How Not to Take Things Personally and more …

Questions have been pouring in lately so I’m going to dedicate the next months posts to answering them.

Here’s the latest question: When allowing others to express their frustrations/anger/venting, how do you avoid taking it personally? How do you avoid being a doormat? And also, what’s the difference between enabling their bad behavior vs allowing them to express themselves?


There are three questions within this one so I’ll break them down individually.



Q: When allowing others to express their frustrations/anger/venting how do you avoid taking it personally?

A: When you begin to practice Intentional Communication what you learn is that you are only responsible for your words, actions, reactions, how you’re using silence / facial expressions. The other person is only responsible for their words, actions, reactions, how they’re using silence / facial expressions. This means that what you have in common is the conversation itself. Once you see that your intention is to keep the conversation helpful and to keep the integrity of the conversation in-tact then you’re no longer attached or drawn in to what the other person is saying. You will notice what the sensation is in your body that you equate with taking something personally – and when you notice this feeling –  you’ll acknowledge it – can even say silently to yourself – I’m taking this personally – and then put it on a shelf or let it go and come back to the present moment. Reminding yourself that the person in front of you is hurting, wanting to express themselves safely, feeling fearful or discomfort. Your role is to listen and move from I to we to keep the integrity of the conversation in-tact.


Q: How do you avoid being a doormat?

A: By knowing if what someone has said or done is something that you need to talk with them about. If someone has said something or done something that is keeping you in a constant state of suffering – meaning you can’t stop thinking about it – and more importantly that it’s affecting how you’re interacting with them (resorting to your default way of interacting) then you need to express what you’re feeling and specifically ask for what you need so the situation doesn’t happen again.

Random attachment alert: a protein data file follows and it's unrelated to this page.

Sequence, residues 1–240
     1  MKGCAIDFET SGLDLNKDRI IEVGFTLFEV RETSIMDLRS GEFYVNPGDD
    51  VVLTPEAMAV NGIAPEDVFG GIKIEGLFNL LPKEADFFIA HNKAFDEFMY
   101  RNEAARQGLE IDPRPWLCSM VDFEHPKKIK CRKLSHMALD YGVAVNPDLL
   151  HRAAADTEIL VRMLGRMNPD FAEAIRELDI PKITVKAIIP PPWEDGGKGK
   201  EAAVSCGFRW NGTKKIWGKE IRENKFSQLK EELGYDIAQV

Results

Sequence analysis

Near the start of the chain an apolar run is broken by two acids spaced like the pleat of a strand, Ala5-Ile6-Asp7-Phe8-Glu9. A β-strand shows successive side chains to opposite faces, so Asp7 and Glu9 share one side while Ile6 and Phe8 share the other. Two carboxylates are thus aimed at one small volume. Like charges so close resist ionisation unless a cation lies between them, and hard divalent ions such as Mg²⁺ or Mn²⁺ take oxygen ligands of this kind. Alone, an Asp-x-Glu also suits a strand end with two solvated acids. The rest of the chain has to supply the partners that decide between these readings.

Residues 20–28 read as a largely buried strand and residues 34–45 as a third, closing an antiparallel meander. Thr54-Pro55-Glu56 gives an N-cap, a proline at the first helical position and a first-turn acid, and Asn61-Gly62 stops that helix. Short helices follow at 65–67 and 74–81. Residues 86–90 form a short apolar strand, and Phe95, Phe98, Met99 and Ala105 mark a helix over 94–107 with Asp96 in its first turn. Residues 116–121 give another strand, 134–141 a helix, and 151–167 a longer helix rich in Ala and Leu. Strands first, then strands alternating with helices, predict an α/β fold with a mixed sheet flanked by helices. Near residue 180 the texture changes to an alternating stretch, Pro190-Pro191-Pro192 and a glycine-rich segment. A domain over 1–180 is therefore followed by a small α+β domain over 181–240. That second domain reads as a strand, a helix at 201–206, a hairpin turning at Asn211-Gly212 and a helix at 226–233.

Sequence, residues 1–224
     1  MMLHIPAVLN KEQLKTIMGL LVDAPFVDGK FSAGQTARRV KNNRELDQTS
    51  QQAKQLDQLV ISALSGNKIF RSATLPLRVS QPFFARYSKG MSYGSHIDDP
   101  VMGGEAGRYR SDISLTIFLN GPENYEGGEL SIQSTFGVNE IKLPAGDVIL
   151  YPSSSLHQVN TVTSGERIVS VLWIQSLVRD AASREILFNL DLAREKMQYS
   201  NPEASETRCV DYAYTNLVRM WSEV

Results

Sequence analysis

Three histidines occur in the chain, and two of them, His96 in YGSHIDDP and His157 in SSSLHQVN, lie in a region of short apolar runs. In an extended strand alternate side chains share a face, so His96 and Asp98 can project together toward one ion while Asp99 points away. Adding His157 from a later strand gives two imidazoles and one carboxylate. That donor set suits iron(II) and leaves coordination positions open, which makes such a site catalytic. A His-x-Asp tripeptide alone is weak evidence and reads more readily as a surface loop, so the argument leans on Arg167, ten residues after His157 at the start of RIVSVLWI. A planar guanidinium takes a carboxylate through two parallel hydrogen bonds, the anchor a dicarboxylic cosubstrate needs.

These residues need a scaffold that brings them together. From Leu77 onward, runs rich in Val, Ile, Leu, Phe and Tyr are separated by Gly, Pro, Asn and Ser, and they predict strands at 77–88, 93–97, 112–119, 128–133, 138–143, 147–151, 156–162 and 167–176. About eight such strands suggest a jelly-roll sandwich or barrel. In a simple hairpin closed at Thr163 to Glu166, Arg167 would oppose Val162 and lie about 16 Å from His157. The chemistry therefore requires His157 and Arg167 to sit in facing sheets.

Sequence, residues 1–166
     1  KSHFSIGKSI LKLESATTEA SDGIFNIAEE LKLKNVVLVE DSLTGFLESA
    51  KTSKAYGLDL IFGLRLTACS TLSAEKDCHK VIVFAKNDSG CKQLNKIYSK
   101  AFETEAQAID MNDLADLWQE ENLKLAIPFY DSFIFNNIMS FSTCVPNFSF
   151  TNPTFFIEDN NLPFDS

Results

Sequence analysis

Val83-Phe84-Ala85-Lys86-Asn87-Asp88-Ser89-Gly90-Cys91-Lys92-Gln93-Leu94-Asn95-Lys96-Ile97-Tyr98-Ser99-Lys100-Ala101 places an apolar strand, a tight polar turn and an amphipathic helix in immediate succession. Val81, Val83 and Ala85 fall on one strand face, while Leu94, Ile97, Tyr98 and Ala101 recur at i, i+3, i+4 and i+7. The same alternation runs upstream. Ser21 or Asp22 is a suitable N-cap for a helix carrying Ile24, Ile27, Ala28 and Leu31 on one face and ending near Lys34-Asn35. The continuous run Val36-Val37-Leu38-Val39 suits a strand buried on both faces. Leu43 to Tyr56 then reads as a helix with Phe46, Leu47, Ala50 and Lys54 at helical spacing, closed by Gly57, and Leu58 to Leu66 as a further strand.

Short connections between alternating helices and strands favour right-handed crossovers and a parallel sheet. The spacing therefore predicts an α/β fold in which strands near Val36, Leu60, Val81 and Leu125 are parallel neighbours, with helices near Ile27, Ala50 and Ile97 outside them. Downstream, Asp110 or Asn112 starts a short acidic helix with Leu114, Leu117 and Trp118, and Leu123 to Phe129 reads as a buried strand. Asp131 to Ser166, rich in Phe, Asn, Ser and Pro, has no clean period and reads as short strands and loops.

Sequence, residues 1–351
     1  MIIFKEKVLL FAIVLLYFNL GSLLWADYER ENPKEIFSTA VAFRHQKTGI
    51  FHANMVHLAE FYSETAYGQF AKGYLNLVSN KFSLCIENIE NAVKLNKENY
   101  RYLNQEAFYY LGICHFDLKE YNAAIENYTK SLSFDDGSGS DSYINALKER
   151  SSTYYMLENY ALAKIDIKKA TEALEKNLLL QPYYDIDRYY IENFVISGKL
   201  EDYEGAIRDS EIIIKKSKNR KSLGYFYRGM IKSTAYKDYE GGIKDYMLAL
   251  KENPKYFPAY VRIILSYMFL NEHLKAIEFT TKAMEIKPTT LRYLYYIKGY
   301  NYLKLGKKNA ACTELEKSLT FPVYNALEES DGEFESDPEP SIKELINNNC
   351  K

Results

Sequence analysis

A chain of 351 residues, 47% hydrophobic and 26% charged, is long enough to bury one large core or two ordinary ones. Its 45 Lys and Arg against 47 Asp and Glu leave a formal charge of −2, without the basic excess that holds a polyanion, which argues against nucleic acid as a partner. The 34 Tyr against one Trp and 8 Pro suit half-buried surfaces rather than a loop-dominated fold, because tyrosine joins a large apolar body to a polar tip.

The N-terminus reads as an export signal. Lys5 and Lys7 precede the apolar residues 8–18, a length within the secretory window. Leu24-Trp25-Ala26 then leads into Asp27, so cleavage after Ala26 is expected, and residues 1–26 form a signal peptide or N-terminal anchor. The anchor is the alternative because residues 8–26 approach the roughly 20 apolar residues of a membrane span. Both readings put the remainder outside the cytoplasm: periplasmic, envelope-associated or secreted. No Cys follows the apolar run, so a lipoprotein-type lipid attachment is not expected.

Q: What’s the difference between enabling their bad behavior vs allowing them to express themselves?

A: Enabling bad behavior means you’re interacting with it. You’re either agreeing with them, giving them options, sharing similar experiences, or you’re defending and explaining too much, not accepting what’s true. Allowing them to express themselves means you’re observing and witnessing their emotion – you’re listening to what they’re saying – seeing them as someone you care for and respect – you see they’re hurting and instead of interacting with it you say, “I see that you’re really upset right now. I’m here for you.” Or “You seem frustrated. I see that. How can I be helpful to you right now?”


Tell me below if you’ve been in some of the same situations above and how you think approaching them in this way could be helpful.

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  • Nel

    Loved your video. My questions are when I’ve said I Can see that your hurting I’m here for you or what do you need from me I’ve received lectures and a demand for
    Agreeing to his judgments of me. Neither of which I think are healthy. Plus I don’t agree on his judgments about me since they are based on misunderstood events and erroneous facts but he isn’t not willing to entertain he’s wrong. What are my options then?

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